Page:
Bohemian Rhapsody

Director: Bryan Singer

Cast: Rami Malek, Lucy Boynton, Gwilym Lee, Ben Hardy, Joe Mazzello, Aidan Gillen, Tom Hollander, Mike Myers

When it was announced that the long-delayed biopic of legendary rock band Queen and their iconic frontman Freddie Mercury would finally be made, fans were naturally concerned over whether the film would get everything right. Fortunately, for the most part, the film delivered on its promise. Some criticised the way Freddie’s sexuality was presented – we even took a deep dive into this ourselves – and were disappointed that the film wasn’t a warts-and-all look into the life of Freddie. But then, realistically, it never was going to be that. What it does do is provide a damn good time for viewers and fans of Queen’s legacy, and remind the world that an unapologetically queer person of colour is responsible for some of the most beloved music in history.

Disobedience

Director: Sebastián Lelio

Cast: Rachel Weisz, Rachel McAdams, Alessandro Nivola, Bernado Santos, Anton Lesser

Based on Naomi Alderman’s novel of the same name, the Sebastián Lelio directed drama focuses on the forbidden relationship between between two women from an Orthodox Jewish community. Rachel Weisz stars as Ronit Krushka, a woman who returns to her hometown in London after the death of her father. There, she rekindles her romance with her cousin’s wife Esti Kuperman (Rachel McAdams), after being shunned for the same attraction years prior. Disobedience first premiered at last year’s Toronto Film Festival, receiving rave reviews from critics, earning a 93% approval rating on Rotten Tomatoes. The film is Lelio’s English-language debut. He also directed the acclaimed trans drama, A Fantastic Woman, which has been nominated for Best Foreign Language Film at the Oscars.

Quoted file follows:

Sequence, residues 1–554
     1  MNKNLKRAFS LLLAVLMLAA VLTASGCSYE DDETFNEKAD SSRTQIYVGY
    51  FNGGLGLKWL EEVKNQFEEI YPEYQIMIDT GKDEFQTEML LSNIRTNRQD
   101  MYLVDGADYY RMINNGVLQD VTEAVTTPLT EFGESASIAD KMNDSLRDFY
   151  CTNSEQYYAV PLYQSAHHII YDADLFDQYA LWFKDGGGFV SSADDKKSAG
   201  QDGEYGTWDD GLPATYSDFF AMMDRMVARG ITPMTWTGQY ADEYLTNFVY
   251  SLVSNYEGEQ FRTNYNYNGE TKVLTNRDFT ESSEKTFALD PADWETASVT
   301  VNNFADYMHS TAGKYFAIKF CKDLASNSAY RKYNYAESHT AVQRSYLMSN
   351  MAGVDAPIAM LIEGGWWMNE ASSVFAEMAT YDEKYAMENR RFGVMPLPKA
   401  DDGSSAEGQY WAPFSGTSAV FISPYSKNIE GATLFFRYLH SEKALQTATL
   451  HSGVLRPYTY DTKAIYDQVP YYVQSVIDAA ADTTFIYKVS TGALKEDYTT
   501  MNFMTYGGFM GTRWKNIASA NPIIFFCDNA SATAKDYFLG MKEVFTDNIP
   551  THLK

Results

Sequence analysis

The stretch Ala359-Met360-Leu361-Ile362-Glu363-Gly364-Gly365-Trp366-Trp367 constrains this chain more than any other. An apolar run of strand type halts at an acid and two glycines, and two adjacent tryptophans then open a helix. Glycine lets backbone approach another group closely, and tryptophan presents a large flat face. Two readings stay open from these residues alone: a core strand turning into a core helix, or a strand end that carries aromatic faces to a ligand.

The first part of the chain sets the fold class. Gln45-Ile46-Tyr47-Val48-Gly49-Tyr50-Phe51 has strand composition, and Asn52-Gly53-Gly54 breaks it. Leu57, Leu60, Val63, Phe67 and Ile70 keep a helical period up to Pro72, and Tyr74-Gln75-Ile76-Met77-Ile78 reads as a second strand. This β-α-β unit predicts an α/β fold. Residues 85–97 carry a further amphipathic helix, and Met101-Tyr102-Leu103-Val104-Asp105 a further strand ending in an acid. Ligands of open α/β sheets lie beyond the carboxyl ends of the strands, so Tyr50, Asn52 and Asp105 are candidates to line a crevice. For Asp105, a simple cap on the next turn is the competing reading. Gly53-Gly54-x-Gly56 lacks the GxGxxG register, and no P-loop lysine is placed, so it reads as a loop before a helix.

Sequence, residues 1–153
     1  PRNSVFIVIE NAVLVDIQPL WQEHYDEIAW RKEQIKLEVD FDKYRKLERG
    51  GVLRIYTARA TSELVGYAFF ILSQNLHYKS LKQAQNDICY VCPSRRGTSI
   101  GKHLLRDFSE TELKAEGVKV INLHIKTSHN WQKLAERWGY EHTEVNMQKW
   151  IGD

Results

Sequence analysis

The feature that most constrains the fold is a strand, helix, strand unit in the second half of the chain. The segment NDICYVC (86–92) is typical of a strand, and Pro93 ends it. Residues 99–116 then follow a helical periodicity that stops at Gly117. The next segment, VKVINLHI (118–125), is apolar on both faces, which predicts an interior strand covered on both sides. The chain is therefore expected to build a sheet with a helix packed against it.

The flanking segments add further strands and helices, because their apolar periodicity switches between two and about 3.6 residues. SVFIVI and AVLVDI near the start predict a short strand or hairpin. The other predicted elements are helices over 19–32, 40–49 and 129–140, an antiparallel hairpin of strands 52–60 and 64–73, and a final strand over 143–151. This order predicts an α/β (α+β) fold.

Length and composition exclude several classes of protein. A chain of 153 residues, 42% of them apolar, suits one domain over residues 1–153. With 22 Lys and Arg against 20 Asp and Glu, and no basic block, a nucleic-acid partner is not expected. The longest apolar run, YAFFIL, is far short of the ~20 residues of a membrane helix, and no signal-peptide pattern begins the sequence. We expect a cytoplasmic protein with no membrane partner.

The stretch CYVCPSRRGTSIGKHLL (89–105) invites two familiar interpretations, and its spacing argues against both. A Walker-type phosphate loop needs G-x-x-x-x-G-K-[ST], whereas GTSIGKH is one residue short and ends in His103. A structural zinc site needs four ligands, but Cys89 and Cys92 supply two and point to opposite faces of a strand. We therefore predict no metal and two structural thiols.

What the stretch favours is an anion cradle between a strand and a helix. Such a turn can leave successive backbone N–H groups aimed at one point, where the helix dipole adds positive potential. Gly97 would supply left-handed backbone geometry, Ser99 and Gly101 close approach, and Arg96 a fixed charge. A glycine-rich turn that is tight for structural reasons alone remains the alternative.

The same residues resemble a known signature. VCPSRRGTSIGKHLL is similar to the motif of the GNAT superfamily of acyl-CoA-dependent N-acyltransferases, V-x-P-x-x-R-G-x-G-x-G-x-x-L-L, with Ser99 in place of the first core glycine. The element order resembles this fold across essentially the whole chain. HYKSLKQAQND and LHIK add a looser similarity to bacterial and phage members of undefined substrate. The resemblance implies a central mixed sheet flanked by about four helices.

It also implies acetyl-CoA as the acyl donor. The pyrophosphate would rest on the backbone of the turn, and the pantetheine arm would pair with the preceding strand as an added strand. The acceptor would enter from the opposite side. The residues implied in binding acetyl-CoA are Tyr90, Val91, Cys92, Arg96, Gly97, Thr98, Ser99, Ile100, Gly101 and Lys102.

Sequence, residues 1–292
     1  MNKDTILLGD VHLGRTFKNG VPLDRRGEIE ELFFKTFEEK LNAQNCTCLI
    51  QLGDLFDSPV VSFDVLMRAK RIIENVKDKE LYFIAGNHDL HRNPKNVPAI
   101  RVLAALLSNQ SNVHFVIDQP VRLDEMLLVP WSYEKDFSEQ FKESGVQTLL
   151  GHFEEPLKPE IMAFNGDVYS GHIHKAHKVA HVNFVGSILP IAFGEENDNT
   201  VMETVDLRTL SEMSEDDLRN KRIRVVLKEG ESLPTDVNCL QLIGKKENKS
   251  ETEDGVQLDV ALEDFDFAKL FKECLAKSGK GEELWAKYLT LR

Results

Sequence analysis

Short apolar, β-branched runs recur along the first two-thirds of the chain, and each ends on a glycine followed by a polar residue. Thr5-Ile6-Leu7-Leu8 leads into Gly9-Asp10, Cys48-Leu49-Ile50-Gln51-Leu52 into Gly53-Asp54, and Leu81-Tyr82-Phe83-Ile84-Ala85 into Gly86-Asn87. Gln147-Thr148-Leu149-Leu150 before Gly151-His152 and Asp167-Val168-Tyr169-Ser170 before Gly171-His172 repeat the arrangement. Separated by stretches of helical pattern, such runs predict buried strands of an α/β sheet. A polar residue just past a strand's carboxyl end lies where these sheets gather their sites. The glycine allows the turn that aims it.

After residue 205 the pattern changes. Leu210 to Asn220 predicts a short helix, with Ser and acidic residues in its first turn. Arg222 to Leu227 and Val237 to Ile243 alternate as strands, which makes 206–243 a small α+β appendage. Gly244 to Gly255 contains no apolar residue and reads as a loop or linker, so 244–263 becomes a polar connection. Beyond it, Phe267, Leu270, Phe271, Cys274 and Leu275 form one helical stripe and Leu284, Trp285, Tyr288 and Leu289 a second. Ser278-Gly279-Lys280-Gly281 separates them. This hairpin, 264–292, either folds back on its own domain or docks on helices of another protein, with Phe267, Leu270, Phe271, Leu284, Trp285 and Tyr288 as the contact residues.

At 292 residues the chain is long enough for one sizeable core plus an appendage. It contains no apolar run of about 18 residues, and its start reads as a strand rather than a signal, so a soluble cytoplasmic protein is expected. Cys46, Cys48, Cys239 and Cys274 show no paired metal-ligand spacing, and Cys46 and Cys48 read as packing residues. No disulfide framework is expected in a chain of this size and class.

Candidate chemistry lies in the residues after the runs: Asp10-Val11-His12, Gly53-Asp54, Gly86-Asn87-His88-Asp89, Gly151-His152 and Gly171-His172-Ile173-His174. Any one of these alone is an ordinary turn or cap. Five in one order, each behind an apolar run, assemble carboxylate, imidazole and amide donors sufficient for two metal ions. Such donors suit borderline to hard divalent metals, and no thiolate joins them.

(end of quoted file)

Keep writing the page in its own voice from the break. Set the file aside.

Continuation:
The Happy Prince

Director: Rupert Everett

Cast: Rupert Everett, Colin Firth, Colin Morgan, Edwin Thomas, Emily Watson

Rupert Everett’s passion project The Happy Prince is a stunningly bleak look at the oft-ignored final years of famed gay playwright Oscar Wilde. Starring Rupert in the titular role – the award-winning actor also plays the part of director and scriptwriter – the film sees Oscar on a downward spiral following his conviction for “gross indecency” and his impoverished exile in Italy and France. The Happy Prince also explores Oscar’s doomed relationships with Lord Alfred ‘Bosie’ Douglas (Colin Morgan) and Robbie Ross (Edwin Thomas), as well as his ex-wife Constance Lloyd (Emily Watson).

McQueen

Director: Ian Bonhôte, Peter Ettedgui

Directed by Ian Bonhôte and Peter Ettedgui, McQueen chronicles the life and work of the legendary fashion designer, who tragically committed suicide in 2010 at the age of 40. He started life as a self-described ‘unremarkable’ working-class boy from East London, but McQueen went on to harness his demons and become a one-man fashion brand, winning four British Designer of the Year awards and CFDA’s International Designer of the Year award in 2003. The documentary received critical acclaim upon release.